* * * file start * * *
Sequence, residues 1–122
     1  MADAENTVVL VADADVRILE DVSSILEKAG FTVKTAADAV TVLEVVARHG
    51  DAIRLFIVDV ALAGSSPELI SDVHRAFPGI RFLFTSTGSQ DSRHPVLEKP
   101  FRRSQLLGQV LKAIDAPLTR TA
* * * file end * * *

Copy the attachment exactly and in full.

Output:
Sequence, residues 1–122
     1  MADAENTVVL VADADVRILE DVSSILEKAG FTVKTAADAV TVLEVVARHG
    51  DAIRLFIVDV ALAGSSPELI SDVHRAFPGI RFLFTSTGSQ DSRHPVLEKP
   101  FRRSQLLGQV LKAIDAPLTR TA